Friday , 23 March 2018
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Gothic Revival

The History and Architecture of St. James the Less Chapel

The St. James the Less Chapel has served as both a parish church and cemetery for the historic St. James Cathedral for over a century, making it one of Toronto’s central cultural facilities. The rich origins of the St. James the Less Chapel compel tourists and historians from all around the world to visit the Cabbagetown community and walk the Chapel’s religious grounds every year. As St. James the Less Chapel is a also a bold example of Gothic Revival architecture, the structure is considered to be a great pride of the Cabbagetown Conservation District. A Brief History of the St. ... Read More »

The Toronto Necropolis Chapel

Built in 1872, the Toronto Necropolis Chapel remains a stellar example of Gothic Revival architecture in Cabbagetown,  attracting many visitors from around the world each year. Known literally as the “City of the Dead”, the Necropolis Church’s 7 hectare grounds became Toronto’s second non-sectarian cemetery, after replacing Potter’s Field of Old York. During the transition, 984 bodies were transported from Potter’s Field to the Necropolis Chapel, where they were buried in a special section known as “The Resting Place of Pioneers”. Of the bodies currently buried at 200 Winchester Street, William Lyon Mackenzie, Toronto’s first mayor, and George Brown, a confederate ... Read More »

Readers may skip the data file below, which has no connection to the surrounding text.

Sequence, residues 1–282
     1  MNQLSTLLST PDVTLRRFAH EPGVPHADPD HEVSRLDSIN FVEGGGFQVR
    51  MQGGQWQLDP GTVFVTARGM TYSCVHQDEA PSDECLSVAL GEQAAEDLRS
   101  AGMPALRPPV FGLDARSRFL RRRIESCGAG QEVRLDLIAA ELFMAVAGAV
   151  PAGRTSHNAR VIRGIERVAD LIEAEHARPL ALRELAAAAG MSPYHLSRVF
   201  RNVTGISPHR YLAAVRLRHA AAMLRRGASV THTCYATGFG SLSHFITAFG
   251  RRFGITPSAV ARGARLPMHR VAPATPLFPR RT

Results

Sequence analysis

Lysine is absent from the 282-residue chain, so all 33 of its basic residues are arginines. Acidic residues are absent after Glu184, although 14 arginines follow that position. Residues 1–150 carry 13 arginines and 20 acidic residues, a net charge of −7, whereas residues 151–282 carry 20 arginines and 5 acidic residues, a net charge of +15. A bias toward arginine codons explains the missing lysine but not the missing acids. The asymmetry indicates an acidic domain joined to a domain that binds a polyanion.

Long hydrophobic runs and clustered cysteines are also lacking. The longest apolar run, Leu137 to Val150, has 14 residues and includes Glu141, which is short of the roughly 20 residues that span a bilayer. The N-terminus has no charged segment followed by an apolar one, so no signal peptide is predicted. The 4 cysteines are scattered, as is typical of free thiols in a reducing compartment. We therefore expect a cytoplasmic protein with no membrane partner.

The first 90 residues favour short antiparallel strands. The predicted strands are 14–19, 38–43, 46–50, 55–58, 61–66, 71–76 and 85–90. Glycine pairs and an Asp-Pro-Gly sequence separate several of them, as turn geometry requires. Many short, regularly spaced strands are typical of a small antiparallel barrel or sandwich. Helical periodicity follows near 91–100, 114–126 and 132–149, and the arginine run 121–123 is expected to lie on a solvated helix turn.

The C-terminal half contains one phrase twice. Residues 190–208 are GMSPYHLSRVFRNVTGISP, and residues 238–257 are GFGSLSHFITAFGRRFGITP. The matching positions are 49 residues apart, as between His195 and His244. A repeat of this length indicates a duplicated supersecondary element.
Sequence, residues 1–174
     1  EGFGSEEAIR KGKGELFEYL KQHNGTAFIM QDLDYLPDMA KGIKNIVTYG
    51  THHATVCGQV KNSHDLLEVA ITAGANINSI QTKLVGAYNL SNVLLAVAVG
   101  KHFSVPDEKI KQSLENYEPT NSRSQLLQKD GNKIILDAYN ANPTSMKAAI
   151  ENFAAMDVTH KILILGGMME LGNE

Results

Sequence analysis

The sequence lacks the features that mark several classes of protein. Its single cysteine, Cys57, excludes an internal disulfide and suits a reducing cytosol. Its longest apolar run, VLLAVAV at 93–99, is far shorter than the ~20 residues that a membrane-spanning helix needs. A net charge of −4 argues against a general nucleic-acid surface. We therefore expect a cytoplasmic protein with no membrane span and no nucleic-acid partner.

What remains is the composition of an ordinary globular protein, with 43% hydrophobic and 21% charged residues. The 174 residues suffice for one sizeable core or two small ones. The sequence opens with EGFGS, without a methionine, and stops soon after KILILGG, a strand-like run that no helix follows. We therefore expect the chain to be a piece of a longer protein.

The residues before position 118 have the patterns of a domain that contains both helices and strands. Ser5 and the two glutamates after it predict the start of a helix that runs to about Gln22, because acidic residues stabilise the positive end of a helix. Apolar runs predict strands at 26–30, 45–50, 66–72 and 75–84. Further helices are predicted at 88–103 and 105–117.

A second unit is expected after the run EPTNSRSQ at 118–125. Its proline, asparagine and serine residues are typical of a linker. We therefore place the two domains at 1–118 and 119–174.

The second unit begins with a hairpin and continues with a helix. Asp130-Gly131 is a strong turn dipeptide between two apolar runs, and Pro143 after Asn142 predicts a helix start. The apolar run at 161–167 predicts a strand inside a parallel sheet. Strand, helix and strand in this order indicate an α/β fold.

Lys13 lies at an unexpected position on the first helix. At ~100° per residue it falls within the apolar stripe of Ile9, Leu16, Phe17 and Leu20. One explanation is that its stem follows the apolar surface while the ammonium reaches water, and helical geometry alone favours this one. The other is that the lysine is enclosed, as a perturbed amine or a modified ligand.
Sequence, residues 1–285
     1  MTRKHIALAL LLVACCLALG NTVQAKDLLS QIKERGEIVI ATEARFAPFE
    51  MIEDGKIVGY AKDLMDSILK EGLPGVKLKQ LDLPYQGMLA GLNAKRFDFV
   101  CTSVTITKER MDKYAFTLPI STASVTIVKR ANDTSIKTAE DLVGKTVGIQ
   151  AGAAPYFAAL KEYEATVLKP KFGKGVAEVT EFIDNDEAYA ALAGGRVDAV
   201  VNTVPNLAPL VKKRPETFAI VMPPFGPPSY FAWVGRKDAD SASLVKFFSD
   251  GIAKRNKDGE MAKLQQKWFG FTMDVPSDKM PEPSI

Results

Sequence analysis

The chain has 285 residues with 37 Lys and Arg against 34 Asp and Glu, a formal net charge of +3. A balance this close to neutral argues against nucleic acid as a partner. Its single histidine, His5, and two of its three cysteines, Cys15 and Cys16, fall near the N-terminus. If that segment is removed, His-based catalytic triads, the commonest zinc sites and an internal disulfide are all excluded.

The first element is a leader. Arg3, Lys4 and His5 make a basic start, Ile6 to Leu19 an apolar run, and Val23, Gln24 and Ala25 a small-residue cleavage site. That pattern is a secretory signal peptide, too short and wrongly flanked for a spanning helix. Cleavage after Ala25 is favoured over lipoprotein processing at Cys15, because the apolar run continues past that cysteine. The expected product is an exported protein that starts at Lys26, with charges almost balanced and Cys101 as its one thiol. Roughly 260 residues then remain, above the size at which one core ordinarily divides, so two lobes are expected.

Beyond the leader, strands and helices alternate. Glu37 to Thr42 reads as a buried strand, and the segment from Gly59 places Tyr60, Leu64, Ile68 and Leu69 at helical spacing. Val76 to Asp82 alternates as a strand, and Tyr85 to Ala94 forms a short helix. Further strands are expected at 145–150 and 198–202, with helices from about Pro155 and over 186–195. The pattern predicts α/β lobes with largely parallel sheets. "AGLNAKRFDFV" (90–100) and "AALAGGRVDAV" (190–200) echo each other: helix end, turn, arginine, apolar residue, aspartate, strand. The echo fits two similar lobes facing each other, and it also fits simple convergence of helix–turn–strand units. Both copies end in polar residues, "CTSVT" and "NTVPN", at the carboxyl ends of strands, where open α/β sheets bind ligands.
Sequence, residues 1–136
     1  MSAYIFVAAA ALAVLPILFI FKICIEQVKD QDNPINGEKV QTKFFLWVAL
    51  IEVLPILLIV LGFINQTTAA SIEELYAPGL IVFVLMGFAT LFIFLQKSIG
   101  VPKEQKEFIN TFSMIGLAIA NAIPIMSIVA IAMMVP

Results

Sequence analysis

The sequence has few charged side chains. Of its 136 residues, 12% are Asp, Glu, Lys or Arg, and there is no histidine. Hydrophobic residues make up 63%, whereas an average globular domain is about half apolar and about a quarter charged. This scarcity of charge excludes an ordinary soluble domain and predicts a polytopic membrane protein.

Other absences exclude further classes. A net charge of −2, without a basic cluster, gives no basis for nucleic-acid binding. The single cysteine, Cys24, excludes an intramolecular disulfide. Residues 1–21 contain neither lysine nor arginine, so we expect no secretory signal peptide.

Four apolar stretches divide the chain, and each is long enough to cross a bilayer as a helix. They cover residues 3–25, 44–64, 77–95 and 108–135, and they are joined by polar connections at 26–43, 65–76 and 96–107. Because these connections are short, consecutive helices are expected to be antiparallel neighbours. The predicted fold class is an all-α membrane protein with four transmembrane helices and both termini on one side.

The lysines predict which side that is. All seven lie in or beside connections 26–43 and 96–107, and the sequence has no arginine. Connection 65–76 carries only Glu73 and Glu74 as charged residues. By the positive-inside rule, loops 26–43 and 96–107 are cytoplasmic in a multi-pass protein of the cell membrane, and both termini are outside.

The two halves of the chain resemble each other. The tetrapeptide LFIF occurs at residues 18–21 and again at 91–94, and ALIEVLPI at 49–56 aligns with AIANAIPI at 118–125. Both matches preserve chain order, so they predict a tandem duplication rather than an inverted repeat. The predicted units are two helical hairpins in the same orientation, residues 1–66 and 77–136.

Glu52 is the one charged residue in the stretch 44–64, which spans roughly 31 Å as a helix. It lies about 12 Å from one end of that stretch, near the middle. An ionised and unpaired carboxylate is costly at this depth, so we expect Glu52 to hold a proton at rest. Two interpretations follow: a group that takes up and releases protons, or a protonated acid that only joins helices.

Gothic Revival Architecture on Amelia Street

Earlier in the year, we posted a profile on Gothic Revival architecture in Cabbagetown, outlining the style’s various characteristics with examples from the community. As it so happens, Amelia Street, a division of the Cabbagetown Metacalfe Heritage Conservation District, showcases two homes of the Gothic Revival style worth discussing: George Caden  / Albert Long House (20-22 Amelia Street) As a semi-detached residential home, complete with three floors, this property is a notable example of Gothic Revival architecture in the neighbourhood. Completed in 1901, the home displays many prominent characteristics of the late Victorian Era, as can be seen in its steeply pitched gabble roof ... Read More »

Gothic Revival in Cabbagetown

Although created in the early 18th century, the Gothic Rival style had been primarily used during the 19th century.  By this time, Victorians had grown bored of their Gregorian homes and yearned for more colour and decoration.  Initially, this style was favoured by successful industrialists in England, but by the late 19th century, entire suburbs began to resemble the Gothic Revival: Pointed arches Ribbed vaults Flying buttresses Spacious arcades, galleries, and clerestory stained glass windows Quatrefoil and clover-shaped oriel windows Pinnacles Grouped chimneys The Gothic Revival reached popularity in North America shortly after Andrew Jackson Davis’ 1837 release, Rural Residences, ... Read More »